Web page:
Microsoft Excel Concatenate, Text to Columns, LEFT and RIGHT functions



Text to Columns

Choose delimiters based on how your data is separated. In our example, I want to split the data everywhere there is an underscore “_” and a comma so this is what I selected. Because underscore is not one of the choices, I’m entering that character in “other”. You can see in the preview that there is now a line where there were underscores and commas, indicating where the data will be split.

When you make your selection, a description appears to help you decide if that is the format you’re looking for.

The “General” tab is right for our data example.

The “Advanced” tab gives you advanced text format options.

When you’ve made your selections click “Finish”.

Use Text to Columns to get rid of the “.dat” in the Date column and the “X-” in the type column. To do this, I’ll use the “Left” and “Right” functions.

The LEFT and RIGHT functions are setup in the same way but Left keeps the characters at the beginning of the string, Right keeps characters at the end of the string.

You’ll need to insert a column next to the column you want to change. Click on the first cell of the new column – below the heading.

Click on the – functions icon. When the functions box appears, type RIGHT in the search box and click “Go”. Do this for any function you want to use.

Click “OK”

The Functions Argument box will appear and guide you in setting up any function you want to use.

The “Text” field is typically your cell name or range. I clicked on the first cell in the “Type” column and dragged my cursor down to the last cell in order to select the data. This filled the field with the range.

To the right of the fields Excel has shown me what I’ve selected and shows the result.

To determine the number to enter in the “Num_chars” field (number of characters), I counted all of the characters in what I want to keep, “Internet Business”.

Note: Spaces count as characters.

Any time that you have a formula (and functions are just formulas) you have to remove the formula once it has filled the cells, or when you delete your original column, you’ll get the “#ref”.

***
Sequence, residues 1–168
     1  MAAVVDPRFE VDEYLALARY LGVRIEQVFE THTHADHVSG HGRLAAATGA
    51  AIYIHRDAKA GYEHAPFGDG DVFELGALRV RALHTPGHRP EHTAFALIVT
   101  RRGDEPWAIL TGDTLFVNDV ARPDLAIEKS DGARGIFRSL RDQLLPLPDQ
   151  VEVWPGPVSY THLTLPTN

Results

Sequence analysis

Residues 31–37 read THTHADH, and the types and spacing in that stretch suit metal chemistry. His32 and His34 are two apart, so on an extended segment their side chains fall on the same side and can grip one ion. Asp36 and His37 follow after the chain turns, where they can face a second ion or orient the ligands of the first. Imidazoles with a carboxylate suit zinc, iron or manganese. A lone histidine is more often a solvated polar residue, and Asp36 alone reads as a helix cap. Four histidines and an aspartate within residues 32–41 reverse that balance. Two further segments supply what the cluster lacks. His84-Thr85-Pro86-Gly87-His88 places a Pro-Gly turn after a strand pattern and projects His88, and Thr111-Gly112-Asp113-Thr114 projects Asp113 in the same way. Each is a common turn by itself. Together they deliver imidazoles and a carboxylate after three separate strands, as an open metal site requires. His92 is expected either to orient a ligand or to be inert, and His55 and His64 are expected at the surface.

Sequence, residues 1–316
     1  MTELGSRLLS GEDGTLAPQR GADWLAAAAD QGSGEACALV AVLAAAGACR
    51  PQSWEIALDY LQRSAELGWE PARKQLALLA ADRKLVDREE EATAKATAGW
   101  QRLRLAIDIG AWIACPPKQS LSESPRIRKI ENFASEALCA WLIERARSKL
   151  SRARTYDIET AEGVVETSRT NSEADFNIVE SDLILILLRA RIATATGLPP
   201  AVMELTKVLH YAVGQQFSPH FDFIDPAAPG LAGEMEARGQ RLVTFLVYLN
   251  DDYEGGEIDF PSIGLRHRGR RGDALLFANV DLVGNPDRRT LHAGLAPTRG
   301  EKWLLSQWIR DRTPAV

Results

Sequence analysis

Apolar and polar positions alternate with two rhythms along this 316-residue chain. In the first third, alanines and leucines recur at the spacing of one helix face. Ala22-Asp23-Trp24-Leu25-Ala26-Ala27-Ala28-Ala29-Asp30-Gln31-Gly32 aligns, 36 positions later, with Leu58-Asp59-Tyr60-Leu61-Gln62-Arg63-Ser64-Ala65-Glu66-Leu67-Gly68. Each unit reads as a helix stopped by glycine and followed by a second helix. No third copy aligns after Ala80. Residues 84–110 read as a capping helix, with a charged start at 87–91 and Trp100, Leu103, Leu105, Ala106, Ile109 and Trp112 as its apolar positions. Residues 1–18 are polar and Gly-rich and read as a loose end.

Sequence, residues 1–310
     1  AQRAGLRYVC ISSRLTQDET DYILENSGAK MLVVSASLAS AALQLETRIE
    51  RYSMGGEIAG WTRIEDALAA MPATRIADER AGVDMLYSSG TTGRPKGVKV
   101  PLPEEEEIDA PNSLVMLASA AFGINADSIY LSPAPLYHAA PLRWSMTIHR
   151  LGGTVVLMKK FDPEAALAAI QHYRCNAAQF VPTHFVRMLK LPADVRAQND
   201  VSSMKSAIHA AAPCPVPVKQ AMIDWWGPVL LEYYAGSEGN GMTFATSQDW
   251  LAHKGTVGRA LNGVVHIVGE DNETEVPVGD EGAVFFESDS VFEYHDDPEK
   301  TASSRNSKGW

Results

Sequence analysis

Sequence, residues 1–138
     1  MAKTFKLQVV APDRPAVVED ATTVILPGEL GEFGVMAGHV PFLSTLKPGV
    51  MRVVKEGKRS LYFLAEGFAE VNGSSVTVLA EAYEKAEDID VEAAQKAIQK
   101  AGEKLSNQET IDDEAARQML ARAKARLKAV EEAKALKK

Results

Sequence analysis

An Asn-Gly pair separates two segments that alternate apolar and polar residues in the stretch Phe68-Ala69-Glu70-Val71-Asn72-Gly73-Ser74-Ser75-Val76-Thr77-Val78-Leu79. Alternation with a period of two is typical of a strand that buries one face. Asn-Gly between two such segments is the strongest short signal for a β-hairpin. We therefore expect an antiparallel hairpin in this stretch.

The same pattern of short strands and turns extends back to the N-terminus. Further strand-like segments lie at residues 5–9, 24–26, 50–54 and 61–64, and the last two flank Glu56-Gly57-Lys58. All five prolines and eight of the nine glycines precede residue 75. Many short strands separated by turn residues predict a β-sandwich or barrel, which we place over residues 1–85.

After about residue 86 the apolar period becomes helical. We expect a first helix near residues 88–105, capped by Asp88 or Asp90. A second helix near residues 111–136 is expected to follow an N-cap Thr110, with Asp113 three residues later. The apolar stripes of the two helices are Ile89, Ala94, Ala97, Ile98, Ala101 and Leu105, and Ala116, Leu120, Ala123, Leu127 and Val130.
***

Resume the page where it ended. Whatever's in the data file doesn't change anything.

To do this, simply click on the column that has the formula to highlight it.

Right-click your mouse and from the drop-down, click “copy”, right-click again, and select “paste special”, select “values”, then click “OK”.

Now you can delete the original column.

With Concatenate, you can combine cell data in any order you want, and even add characters.

In this example, I’m going to take my new Date column and use the concatenate function to change the format.

First, I’m going to use Text to Columns function in a slightly different way to split the existing data.

The data will be split into three parts, to accommodate this, insert two empty columns.

Highlight the column, in this case, the Date column.

Go to the “Data” tab, click on “Text to Columns”.

In the pop-up box, Select “Fixed width”

Click “Next”

In the new box, I’m able to click in the preview box and manually move the break lines where I want my data separated.

The next box allows you to format, but the default “General” is usually sufficient.

Click “Finish”

This pop-up appears which reminds you that you could have data in the way when Excel splits the data. If you’ve inserted columns to accommodate the data, click “OK”.

Excel has split the data in three columns and I have inserted another empty column – column “E” to accommodate my concatenated data.

In the new Date column, click in the first cell beneath the header.

Click on the functions icon, and type in “Concatenate” and click “OK”.

The default for the Function Arguments box is two fields but when you fill in both fields another field with appear.


It doesn’t matter what column the data is in.

In my example the year is in column “B”, the day is in column “D”, and the month is in column “C” and I want the date in MM/DD/YYYY format.

Click in the “Text1, then click on the first cell of each column to populate the fields.

Example: for the “Text1” field, I clicked in cell C2 on my worksheet, etc.

Enter in the order you want. I also want to add dashes to my date. To add anything to or between your concatenated data, you put it in the field in the order you want it to appear. Excel will add the quotes.

Click “OK”.

The formatted date is now in cell “E2”. Drag or copy the formula down the column to fill all cells with the new data.

Remember to copy/paste/values in the new column so that you can delete the split columns.


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  1. This video contains examples and instructions on the use of Text to Columns, Concatenate, LEFT and RIGHT functions. I hope you find it useful.

  2. With the numbers below say every "6" is highlighted. The first "6" to be found would be included in "360". What would be the formula to find the number to the left (3), the right (0) the top (2) and the bottom (0). The "360" is actually in three separate columns but can be concatenated to appear in one. The problem I am having is having Excel recognize the highlighted "6" and then perform the function of finding the number to the left, right, top and bottom. Understand that at times there may not be a number to the left or right depending on the location of the "6". Do you have any suggestions? Any aid would certainly be appreciated.



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